Few purchase categories are as potentially thrilling as automotive. Fast cars, sleek designs, shiny façades, the freedom of the road – you can’t get more exciting than that.
Conversely, few purchase categories are as inherently boring as insurance. It’s difficult to depict insurance visually in advertising. Most people just don’t want to think about buying it.
Yet somehow insurance companies have managed to make a tedious topic interesting — even entertaining — with their advertising. Meanwhile, car companies have used their ads to make their vehicles completely indistinguishable from one another.
This is despite hundreds of millions of dollars spent on what automotive marketers no doubt believe is effective TV advertising.
Indeed, individual car commercials can be captivating, fun, and cute. They make headlines, especially around events like the Super Bowl.
But you’d be hard-pressed to find a distinctive brand under all that stunning scenery, all those jokes, and all those expensive celebrity spokespeople. It’s almost as if car brands are all trying to be exactly like one another.
This is understandable. When you have a range of diverse models, it’s hard to put your brand out there as representative of a singular value or idea. If you sell fuel-efficient electric cars and you also sell SUVs, how are you going to say you’re the environmentally friendly auto brand? If you sell high-end vehicles and budget motors, how can you claim you’re synonymous with luxury? Not alienating anyone who might at some point be in the market for a car is a primary consideration.
As a result, automotive C-suite industry execs seems to believe that if they can just avoid adopting a specific identity, their brands can appeal to everybody. That’s a tall order for marketers expected to deliver results with such constraints.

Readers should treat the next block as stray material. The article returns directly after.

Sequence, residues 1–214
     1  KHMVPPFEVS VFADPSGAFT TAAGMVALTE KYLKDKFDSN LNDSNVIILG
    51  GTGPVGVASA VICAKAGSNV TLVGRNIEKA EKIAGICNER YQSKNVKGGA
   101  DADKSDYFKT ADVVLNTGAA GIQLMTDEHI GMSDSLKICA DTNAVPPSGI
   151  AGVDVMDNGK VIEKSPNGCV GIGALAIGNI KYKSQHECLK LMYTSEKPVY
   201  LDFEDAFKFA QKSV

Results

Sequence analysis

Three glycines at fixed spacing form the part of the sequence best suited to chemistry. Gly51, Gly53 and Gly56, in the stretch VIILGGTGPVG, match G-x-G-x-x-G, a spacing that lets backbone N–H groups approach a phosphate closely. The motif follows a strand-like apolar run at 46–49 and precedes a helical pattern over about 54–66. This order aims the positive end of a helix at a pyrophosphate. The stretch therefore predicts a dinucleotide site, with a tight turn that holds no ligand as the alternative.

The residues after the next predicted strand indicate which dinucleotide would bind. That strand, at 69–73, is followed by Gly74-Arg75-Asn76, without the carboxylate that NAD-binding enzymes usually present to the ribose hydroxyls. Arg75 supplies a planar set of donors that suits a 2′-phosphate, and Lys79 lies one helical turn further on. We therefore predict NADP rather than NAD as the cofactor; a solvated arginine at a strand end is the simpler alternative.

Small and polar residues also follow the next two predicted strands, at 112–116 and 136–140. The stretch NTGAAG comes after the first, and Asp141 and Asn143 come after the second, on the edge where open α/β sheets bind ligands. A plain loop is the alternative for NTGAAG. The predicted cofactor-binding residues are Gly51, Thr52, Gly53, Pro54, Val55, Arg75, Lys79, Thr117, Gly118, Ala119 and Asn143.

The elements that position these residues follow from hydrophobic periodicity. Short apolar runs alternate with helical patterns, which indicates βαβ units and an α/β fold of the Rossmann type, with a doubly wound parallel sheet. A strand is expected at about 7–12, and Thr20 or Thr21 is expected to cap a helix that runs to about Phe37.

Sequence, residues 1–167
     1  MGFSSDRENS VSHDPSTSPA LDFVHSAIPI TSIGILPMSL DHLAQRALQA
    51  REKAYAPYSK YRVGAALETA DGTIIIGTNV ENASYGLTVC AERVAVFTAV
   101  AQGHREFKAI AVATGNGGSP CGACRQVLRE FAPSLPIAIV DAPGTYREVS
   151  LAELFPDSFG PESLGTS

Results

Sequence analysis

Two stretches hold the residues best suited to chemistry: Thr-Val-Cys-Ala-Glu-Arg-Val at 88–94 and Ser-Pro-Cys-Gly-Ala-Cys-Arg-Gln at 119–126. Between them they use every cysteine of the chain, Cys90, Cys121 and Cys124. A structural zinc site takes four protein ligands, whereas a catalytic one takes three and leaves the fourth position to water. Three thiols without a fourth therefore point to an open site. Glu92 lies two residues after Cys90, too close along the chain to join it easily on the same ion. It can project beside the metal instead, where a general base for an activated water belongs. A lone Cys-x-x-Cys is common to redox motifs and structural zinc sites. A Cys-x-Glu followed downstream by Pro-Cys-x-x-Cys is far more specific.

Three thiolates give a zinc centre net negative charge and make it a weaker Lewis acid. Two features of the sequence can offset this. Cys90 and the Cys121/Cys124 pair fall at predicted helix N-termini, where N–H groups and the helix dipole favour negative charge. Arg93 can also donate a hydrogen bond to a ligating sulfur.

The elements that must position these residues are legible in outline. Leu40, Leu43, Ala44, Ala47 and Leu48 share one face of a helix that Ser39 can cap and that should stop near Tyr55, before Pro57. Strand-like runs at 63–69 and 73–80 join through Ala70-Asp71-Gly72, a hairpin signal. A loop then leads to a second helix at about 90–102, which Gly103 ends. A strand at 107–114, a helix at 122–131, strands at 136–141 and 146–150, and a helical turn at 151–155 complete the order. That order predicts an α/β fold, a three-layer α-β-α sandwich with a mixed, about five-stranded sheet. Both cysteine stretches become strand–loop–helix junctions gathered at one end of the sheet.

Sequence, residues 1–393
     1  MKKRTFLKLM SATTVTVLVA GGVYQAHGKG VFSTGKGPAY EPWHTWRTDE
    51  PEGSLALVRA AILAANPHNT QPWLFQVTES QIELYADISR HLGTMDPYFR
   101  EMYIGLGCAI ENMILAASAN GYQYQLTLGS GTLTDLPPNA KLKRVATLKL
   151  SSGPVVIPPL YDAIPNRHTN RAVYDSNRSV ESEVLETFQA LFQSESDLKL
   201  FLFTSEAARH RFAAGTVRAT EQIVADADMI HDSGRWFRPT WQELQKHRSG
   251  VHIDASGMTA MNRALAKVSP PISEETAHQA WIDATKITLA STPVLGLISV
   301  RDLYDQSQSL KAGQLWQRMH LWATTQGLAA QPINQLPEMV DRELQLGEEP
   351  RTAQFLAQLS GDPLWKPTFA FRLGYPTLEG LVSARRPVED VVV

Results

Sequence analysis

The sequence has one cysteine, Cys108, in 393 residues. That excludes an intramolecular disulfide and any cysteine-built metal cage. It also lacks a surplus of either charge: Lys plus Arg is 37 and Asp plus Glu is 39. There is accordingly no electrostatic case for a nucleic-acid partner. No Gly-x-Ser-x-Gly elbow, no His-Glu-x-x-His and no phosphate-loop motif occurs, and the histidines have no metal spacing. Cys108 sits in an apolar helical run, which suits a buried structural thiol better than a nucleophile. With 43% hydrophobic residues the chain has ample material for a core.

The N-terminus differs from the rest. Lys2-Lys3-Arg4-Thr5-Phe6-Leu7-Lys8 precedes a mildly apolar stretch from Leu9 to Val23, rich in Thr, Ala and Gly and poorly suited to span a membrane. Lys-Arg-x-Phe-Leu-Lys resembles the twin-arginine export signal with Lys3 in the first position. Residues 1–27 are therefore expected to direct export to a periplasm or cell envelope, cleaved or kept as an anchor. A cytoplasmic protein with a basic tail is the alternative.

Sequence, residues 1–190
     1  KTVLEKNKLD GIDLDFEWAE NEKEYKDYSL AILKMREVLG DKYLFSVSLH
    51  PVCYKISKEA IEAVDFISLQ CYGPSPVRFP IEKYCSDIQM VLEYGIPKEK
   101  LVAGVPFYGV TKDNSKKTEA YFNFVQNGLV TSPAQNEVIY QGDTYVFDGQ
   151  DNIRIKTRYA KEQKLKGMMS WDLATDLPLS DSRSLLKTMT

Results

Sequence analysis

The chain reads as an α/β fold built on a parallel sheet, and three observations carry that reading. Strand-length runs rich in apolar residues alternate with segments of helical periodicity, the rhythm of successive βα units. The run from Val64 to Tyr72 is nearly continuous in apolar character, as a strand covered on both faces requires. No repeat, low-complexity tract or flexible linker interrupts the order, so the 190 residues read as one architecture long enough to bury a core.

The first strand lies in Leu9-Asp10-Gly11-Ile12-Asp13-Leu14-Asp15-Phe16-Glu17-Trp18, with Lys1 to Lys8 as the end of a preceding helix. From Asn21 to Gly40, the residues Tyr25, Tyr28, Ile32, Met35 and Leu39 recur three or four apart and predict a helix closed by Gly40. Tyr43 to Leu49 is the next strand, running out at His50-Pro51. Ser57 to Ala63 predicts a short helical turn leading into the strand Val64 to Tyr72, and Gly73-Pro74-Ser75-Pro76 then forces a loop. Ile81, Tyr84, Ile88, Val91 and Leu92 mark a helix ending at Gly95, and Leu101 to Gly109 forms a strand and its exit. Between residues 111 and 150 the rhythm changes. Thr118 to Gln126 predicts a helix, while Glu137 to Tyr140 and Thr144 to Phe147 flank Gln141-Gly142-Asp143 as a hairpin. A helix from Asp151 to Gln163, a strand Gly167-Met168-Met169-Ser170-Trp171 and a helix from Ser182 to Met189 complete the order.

But auto brands absolutely can stand for something without jeopardizing the breadth of their appeal. And there’s no need for this to be achieved from claiming a ‘green’ identity or one as a paragon of safety.
The route to victory for such an automotive brand lies in the same path insurance companies have taken: distinctive brand assets.
For example, the jingle that tells consumers “Nationwide is on your side” is hard to beat. No controversy there, and it’s a straightforward concept that appeals to everybody. By building marketing around this distinctive brand asset, Nationwide has managed to embed itself in consumers’ minds as a reliable company that will advocate for them. The line, and the associated jingle, is sticky. It’s inextricably linked to the brand. And Nationwide has managed to make it the centerpiece of highly engaging, human, likeable advertising.
Contrast this with, say, Toyota’s “Let’s Go Places.” This tagline doesn’t speak to anybody. But it probably feels risk-free to Toyota. Even if it were a gripping tagline, you need more than that to drive a unique brand profile.
Often, car brands try to persuade consumers by making a model’s features the anchor of ad creative. But car buying is only partially based on rationality. If someone has an affinity for a certain auto brand, they’ll just use that data to justify a purchase they already wanted to make. If they don’t come from a place love or open-mindedness toward the brand, such details won’t even be on the consumer’s radar. And you don’t build love for your brand with ads telling cute stories that could easily be told by other brands.
What’s more, features are a temporary reason to buy. Once one auto brand introduces a certain upgrade, much of the market soon follows. So now why should people buy your model instead of the competition’s?
Meanwhile, insurance brands have gone all-in with distinctive brand assets – without trying to sell consumers with stats. They have shown keen awareness that resonating with consumers means standing out in a crowd. Distinctive brand assets just become the brand, and over time project what makes the brand remarkable.
Which will be the first automotive company to break out of this indistinguishable crowd? Whoever it is will take considerable revenue from the competition. In the meantime, marketing from boring old insurance brands will continue to resonate, while advertising for the enthralling, electrifying auto industry will all be one big blur.